The user-generated dilemma: can the ways in which media organizations publish audience contributions affect the way the audience feels about the site and their intention to contribute?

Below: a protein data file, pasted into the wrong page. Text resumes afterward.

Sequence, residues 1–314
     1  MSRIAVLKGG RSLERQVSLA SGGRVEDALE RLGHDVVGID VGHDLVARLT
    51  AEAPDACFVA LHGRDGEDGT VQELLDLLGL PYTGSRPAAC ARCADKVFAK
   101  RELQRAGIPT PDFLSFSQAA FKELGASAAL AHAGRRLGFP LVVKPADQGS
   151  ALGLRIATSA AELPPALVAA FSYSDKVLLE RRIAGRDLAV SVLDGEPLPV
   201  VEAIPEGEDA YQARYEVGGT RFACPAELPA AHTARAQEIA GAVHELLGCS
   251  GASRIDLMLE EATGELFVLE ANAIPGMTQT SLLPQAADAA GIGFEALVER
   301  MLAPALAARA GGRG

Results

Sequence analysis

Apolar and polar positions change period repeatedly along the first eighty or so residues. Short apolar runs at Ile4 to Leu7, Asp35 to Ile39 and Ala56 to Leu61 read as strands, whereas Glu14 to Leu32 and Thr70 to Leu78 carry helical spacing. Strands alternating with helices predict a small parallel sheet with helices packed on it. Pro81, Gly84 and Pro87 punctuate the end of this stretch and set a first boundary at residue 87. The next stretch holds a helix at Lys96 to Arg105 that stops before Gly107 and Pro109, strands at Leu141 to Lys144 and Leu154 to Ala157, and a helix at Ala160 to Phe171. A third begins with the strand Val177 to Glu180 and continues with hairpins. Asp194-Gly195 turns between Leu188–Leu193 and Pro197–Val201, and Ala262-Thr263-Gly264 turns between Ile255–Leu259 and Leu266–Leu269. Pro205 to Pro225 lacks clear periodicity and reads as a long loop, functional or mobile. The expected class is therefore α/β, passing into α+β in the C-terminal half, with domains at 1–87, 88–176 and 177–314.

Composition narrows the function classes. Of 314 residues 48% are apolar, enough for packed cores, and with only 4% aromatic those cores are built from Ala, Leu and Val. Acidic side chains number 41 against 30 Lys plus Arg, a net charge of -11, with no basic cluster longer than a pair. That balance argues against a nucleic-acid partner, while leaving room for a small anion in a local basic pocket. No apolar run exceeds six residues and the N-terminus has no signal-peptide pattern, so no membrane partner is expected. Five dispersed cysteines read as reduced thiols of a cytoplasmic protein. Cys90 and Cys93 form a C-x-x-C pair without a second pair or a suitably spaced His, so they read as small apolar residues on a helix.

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More and more media organizations are using the Internet to ask their audiences to submit stories, comments and photographs, but they are seemingly doing it without understanding the implications of their actions. This study examines if the ways in which news organizations publish user-generated contributions affect how the audience feels about the organization and the site. It also looks at whether using audience contributions can have a positive effect on increasing self efficacy and encouraging future contributions. Through a 3 (story author) x 6 (experimental condition) within subjects experiment, this study compared whether stories written by staff writers, audience members or a collaborative process had an effect on 10 concepts related to the connection readers felt with the site and the author, the credibility they had in the organization and story, and the likelihood and confidence they had in being able to contribute a related story. The study suggests readers connect more with audience written stories, while placing my credibility and expertise in staff written stories. They find collaborative stories the least credible and connecting. In the final equation, predicting their intention to contribute is a product of determine their interest in the topic, their connection to the site and the amount of self efficacy or confidence in being able to join the discussion the story inspires.